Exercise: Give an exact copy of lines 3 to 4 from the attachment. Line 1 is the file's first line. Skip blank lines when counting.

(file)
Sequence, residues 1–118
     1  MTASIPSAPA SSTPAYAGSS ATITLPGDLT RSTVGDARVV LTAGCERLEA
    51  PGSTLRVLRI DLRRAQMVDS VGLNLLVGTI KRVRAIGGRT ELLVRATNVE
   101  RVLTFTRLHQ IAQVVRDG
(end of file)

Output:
    51  PGSTLRVLRI DLRRAQMVDS VGLNLLVGTI KRVRAIGGRT ELLVRATNVE
   101  RVLTFTRLHQ IAQVVRDG